Guest Blog: What It Means To Be A School Counselor Today

February 4-8 is National School Counseling Week. We are highlighting the important work school counselors do and the challenges they face in schools today.

Woman smilingWhat are some of the challenges in school counseling today? 

Young people today are faced with many challenges that did not exist a decade ago. Bullying is no longer just happening on school grounds, but also in cyber world. Equity gaps continue to persist in relation to race, gender, and socio-economic status. The workforce is rapidly changing with advances in technology. School counselors have the challenge of supporting students through these pervasive social issues and changing times.

Despite these nuances in today’s society, the greatest challenge that school counselors face is, believe it or not, professional identity! School counseling is a profession that many people struggle to understand. Some school counselors are given duties that are not aligned with the American School Counselor Association (ASCA) framework and are serving large caseloads. ASCA recommends a student to counselor ratio of 250:1.

What impact can school counselors make on students today? 

School counselors work in three domains: academic, social-emotional, and college-career. School counselors are in a critically important position to help students break down barriers and gain access to college; help students learn skills to successfully navigate social situations; and help students build a strong academic profile. Because school counselors are some of the only school professionals who have access to a wide-variety of information regarding students, they can often be the missing link that helps propel students forward to future success.

What life lessons have you learned being a school counselor?

Having had the opportunity to listen to so many personal stories: the stories that are not always heard or seen; I have learned to always look beyond the surface. I have learned that despite differences, we all have the capacity to connect with one another. And when we break down these walls of difference, we all have the ability to heal. Positive relationships are critical to create change. This work cannot be done alone. When we build a climate of mutual respect, we thrive.

What ONE thing do you want your students to know?

Life is not easy. It is not what it seems like on television. It is hard work at times. We must always expect to fail and to experience roadblocks. At the same time, we should never underestimate our ability to bounce back. We all have the ability to be resilient. Resiliency comes from knowing that failure is part of life, that struggling is part of life, and that we can recover and persevere. Always prepare for failure and setbacks: have a support system around you, know yourself and your strengths.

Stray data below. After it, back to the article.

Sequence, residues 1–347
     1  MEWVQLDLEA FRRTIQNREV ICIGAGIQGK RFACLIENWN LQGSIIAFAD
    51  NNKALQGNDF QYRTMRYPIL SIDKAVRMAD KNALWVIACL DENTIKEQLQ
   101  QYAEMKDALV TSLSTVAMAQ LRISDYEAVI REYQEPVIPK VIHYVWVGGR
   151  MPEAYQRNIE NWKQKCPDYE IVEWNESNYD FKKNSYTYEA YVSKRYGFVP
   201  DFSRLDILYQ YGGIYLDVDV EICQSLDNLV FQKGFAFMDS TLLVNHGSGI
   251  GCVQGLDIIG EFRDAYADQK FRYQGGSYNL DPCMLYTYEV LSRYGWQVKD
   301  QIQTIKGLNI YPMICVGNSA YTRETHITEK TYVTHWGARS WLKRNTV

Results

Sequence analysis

If you could change one thing about school counseling, what would it be?

There would absolutely, positively be a student to school counselor ratio of 250:1 in EVERY school throughout a child’s P-12 education in EVERY school throughout the nation! Imagine the possibilities!

What did it mean to you to be chosen as the 2018 National School Counselor of the Year?

In my view, being chosen to be the 2018 National Counselor of the Year was never about me. It was about my profession: shining a light on the work that school counselors do to ensure student success. It was about the community I served in North Lawndale known for its violence and crime. In my small way, I felt I could shine a light on all of the positive work happening in the North Lawndale community. It was about Chicago Public Schools. In my small way, I felt could shine a light on the positive work being done to improve student achievement in Chicago.

I am just so grateful and honored to say that I am part of this work. And, so grateful for all of the opportunities that this award has brought. We are so grateful for the collaboration between the American School Counselor Association and former first lady, Michelle Obama’s REACH Higher Initiative and Better Make Room Campaign. REACH Higher and Better Make Room helped to shine a light on this profession and the important work that school counselors do. It all just gives me energy and just makes me want to work harder!

Kirsten Perry is a K-12 school counseling specialist for the Chicago Public Schools. She was named the National School Counselor of the Year in 2018 by the American School Counselor Association. Kirsten served as a P-8 school counselor for seven years in Chicago Public Schools. It is her passion to develop comprehensive school counseling programs that work to create change and close the achievement gap.